No matter where you are in your career, the potential of eventually retiring can be a daunting experience to think about. Are you saving enough for the future? If you are, when will you have enough money set aside to be able to retire? The list of questions goes on and on. Even though the thought of losing your steady income by retiring can be intimidating, you can start planning today be better prepared for when the day comes. Here are five things that you should know while planning for retirement.
Where You Want to Go
Knowing where you want to be during retirement plays a big part in the amount you should be saving. Are you planning on moving to a beach house? Do you want to settle down in a quiet rural community? Even if you’re staying where you are now, you should plan for a house payment and the cost of living in the area.
For many retirees, the chance to see the world is far too appealing to let it pass by. If you feel that you’re going to catch the travel bug during retirement, make sure that you’re going to have the money in your bank account to fund your globetrotting. You can even get started years in advance by planning these trips to get an estimate of how much your travels will cost you.
What You Want to Do
Know what you want to do with your free time during retirement. Whether you’re going to spend your time learning new hobbies, perfecting old ones, or simply hanging out with grandkids, it’s important to know what kind of funding you’re going to need. Once you have an idea about what you want to do, you can start to budget your spending accordingly.
Some people are busybodies, which is OK. Whether it’s because you want to keep yourself busy or you want to continue to bring in the money each month, it’s not uncommon to cut your hours down to part-time. This is not only a great method of supplementing your retirement fund, it’s an excellent way to make sure that you’re keeping yourself physically active.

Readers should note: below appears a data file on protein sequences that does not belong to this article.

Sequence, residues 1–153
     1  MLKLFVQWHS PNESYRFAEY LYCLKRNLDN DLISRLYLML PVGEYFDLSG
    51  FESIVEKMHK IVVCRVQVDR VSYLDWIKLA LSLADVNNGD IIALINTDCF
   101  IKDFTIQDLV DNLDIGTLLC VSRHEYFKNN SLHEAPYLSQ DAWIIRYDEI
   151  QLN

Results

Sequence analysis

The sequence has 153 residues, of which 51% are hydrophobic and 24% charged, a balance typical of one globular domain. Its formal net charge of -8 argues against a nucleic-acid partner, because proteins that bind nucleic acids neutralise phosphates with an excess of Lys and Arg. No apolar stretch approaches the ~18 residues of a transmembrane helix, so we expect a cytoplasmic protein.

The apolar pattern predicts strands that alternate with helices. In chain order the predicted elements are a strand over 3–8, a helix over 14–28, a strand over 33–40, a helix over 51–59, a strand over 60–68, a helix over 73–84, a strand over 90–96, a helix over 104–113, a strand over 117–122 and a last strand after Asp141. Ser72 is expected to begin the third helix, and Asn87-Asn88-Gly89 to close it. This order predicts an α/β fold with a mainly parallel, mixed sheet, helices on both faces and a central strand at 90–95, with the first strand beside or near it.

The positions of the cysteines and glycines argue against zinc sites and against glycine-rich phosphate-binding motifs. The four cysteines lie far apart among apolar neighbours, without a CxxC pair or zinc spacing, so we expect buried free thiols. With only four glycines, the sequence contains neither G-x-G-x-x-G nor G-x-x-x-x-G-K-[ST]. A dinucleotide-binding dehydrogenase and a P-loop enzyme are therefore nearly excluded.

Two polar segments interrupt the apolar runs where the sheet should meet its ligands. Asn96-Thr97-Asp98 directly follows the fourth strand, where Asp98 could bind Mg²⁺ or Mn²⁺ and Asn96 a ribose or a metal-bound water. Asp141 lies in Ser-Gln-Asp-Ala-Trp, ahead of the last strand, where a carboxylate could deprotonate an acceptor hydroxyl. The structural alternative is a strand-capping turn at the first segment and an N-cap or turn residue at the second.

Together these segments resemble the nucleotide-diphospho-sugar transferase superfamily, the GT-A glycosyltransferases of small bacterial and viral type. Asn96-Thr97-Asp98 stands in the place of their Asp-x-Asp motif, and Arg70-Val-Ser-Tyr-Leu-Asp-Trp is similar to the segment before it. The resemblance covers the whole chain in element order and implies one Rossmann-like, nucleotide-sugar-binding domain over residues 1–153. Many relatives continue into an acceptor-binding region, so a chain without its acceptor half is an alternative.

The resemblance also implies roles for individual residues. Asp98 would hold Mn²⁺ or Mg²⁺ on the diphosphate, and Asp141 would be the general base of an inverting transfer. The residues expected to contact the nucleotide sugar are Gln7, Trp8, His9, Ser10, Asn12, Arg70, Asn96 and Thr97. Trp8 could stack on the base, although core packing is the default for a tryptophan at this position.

Your Financial Options
The most common retirement fund that we hear about nearly every day is a 401(k). If you’re paying into this account over the years, it will mature when you turn 65 and could have a good chunk of change ready and waiting. Should you choose to keep working beyond 65, you can continue to pay into it as long as you’d like.
Similar to a 401(k), you can contribute individually to a traditional or Roth IRA each month. While you can continue to contribute to a Roth IRA as long as you’d like, you must start withdrawing from a traditional IRA once you reach age 70.5. Understand the benefits and limitations to the accounts where you have money so that there are no surprises when it comes time to access the funds that you need.
If you worry about the amount of money that you have saved for retirement, you can get a lump sum (or monthly payments) by taking out a reverse mortgage once you reach age 62. This allows you to leverage the equity in your home as income. Learn more about requirements for eligibility and real-time interest rates by using a reverse mortgage calculator.
Ways to Supplement Your Savings
Even in retirement, there are plenty of ways that you can supplement your savings without working at a brick-and-mortar part-time job. If you’ve played a musical instrument much of your life, you can share the knowledge that you’ve gained by teaching lessons. Many children want to learn how to play any number of instruments or sing and their parents are willing to pay good money for someone to teach them. Not only does this make for a good source of supplemental income, but you can also decide your availability and make your own schedule.
As your home empties, you’re likely to have some extra space that’s going unused. Whether you have a spare bedroom or an empty basement, you can rent it out to tenants to help bring in a lump sum of monthly income. Yes, you will have to manage the rental space with things like maintenance, but that’s what a security deposit is for, right?
What to Do With the Unexpected
It’s no secret that medical bills are inevitable during retirement. As we age we’re going to need to see the doctor more often, get preventative medical screenings, and probably pay for prescriptions. Most of these medical bills can be planned for, but there are others that come pop up unexpectedly and quickly drain your savings account. Have a plan in place to pay for medical coverage as needed so that you don’t spend your life’s savings on a single medical treatment.